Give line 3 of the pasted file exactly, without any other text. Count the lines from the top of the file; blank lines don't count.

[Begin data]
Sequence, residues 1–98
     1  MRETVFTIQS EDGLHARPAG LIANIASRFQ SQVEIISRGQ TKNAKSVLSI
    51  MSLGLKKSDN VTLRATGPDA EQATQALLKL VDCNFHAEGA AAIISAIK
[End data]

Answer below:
    51  MSLGLKKSDN VTLRATGPDA EQATQALLKL VDCNFHAEGA AAIISAIK